ObamaCare’s broken promises and deliberate lies are not news, not after three years of relentless repetition and reiteration. [Link fixed]
But stories of individuals shafted by the “Affordable” (ha!) “Care” (ha-ha!) [Lewd] Act never get old:
ObamaCare has hit people like me the hardest. I left a desk job at The Post to dedicate my time to teaching yoga and developing a career in health and wellness (the irony of sacrificing my health insurance for this is not lost on me).
I’m teaching on a freelance basis. My husband is also a full-time freelancer, or a “perma-lance,” if you will. Our household income puts us just barely in the lower-middle-class bracket.
And we will end up paying top dollar to have any type of insurance.
So we’ve decided we’re just going to pay the Affordable Care Act’s individual-mandate penalty: 2 percent of household income or $325 per person, whichever is more (of course).
Paying this and paying cash individually for whatever services we require is still far cheaper than buying a health-insurance plan.
Think of an economy where people could be an artist or a photographer or, eh, a writer without worrying about keeping their day job in order to have health insurance, or that people could start a business and be entrepreneurial and take risk but not [be] job-locked because a child has asthma or someone in the family is bipolar. You name it. Any condition is job-blocking.
Is our yoga instructor bipolar? No? How about an asthmatic kid? Too bad.
We don’t have to imagine such an “economy”, Nancy—we’ve got it, good and hard:
I explained all this to the kind and concerned doctor, and worried that he would judge me for making such a careless decision.
Instead, with an air of frustrated resignation, he responded, “I wish I could record your story and play it for people who think that ObamaCare is the answer.”
He knows that many people like me are, for lack of a better word, getting screwed, and he’s been forced to watch the landscape change, powerless against the burdensome new rules and regulations driving his patients away from health insurance.
Some people will read this and say I’ve gotten into this situation because I chose to live this way, and I left my full-time corporate job when I didn’t really need to. I wasn’t fired or laid off.
But that misses the point. I’m unwilling to sacrifice my passion for a benefits package.
I refuse to let the government stand between myself and my goals. Ideally, they’d support my freedom to pursue life, liberty and happiness — instead of penalizing me for it, which is what they’re doing instead.
Poetry. Pure poetry. Thanks for sharing. I only want to ask if she and her husband voted of Obama—but as she’s a freelance yoga instructor living in Brooklyn, I think I have my answer.
PS: If you’ll permit me, here’s the latest ObamaCare lie:
They are only four words in a 900-page law: “established by the state.”
But it is in the ambiguity of those four words in the Affordable Care Act that opponents found a path to challenge the law, all the way to the Supreme Court.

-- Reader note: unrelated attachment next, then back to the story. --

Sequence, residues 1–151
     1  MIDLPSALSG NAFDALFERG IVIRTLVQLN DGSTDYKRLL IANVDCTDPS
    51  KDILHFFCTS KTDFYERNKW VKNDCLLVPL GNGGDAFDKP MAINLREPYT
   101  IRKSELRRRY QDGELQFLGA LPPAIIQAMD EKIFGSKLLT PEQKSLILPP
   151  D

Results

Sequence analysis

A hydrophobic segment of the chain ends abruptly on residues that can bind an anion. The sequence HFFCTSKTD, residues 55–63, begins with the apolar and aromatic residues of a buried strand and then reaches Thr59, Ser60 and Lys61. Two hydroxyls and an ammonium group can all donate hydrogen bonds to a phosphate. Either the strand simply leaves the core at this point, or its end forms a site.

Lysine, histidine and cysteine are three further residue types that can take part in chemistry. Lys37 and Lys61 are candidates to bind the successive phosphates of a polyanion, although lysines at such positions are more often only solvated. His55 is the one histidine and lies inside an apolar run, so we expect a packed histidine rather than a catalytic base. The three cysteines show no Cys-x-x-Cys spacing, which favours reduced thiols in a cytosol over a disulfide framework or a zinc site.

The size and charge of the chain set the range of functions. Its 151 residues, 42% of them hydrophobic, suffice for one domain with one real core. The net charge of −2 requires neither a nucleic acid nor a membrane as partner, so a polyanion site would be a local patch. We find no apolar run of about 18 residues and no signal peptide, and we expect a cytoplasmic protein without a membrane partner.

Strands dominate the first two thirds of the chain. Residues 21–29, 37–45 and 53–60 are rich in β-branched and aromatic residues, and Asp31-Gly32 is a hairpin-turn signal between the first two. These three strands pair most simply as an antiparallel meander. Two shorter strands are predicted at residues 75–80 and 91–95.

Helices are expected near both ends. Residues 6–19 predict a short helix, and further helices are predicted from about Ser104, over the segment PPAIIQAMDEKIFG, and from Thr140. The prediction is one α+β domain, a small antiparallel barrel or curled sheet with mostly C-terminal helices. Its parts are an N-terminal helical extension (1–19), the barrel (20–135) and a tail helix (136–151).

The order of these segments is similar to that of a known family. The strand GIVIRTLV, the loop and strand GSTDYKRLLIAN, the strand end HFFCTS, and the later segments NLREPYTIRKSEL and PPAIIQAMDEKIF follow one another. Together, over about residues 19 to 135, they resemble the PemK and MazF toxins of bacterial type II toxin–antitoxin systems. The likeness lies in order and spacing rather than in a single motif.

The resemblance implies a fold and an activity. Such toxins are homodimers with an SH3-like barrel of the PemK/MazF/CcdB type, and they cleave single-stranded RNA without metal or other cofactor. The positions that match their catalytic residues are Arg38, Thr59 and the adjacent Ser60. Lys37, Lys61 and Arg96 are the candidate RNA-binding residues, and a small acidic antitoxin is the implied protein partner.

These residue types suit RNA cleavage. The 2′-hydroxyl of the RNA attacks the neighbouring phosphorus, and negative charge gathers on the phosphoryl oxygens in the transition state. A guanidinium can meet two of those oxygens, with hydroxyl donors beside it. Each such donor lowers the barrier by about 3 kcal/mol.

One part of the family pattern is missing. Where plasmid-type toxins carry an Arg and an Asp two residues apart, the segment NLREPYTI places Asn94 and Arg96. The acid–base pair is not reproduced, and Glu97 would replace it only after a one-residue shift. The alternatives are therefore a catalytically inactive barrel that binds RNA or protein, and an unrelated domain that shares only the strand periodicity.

How those words became the most contentious part of President Obama’s signature domestic accomplishment has been a mystery. Who wrote them, and why?
Some described the words as “inadvertent,” “inartful” or “a drafting error.”
“I don’t ever recall any distinction between federal and state exchanges in terms of the availability of subsidies,” said Olympia J. Snowe, a former Republican senator from Maine who helped write the Finance Committee version of the bill.
“It was never part of our conversations at any point,” said Ms. Snowe, who voted against the final version of the Senate bill. “Why would we have wanted to deny people subsidies? It was not their fault if their state did not set up an exchange.” The four words, she said, were perhaps “inadvertent language,” adding, “I don’t know how else to explain it.”
Former Senator Jeff Bingaman, Democrat of New Mexico, said there may have been “some sloppiness in the drafting” of the bill. Mr. Bingaman, who was a member of both committees that developed the measure, said he was surprised that the lawsuit had reached the Supreme Court because the words in dispute appeared to be a “drafting error.”
“As far as I know, it escaped everyone’s attention, or it would have been deleted, because it clearly contradicted the main purpose of the legislation,” Mr. Bingaman said. He added, “In all the discussion in the committees and on the floor, I didn’t ever hear anybody suggest that this kind of distinction between federal and state exchanges was in the bill.”
Was I living in an alternate reality when multiple videos surfaced of ObamaCare architect Jon Gruber arguing several years ago that, in fact, the drafters always intended to limit subsidies to state-exchange consumers? Gruber, a guy who’s boasted about having helped to write ObamaCare, was himself under the impression that federal exchange consumers wouldn’t be eligible for subsidies by design, in order to put pressure on holdout states to build their own exchanges.
There are lies, damned lies, and ObamaCare. And there’s a sucker born in Brooklyn every minute.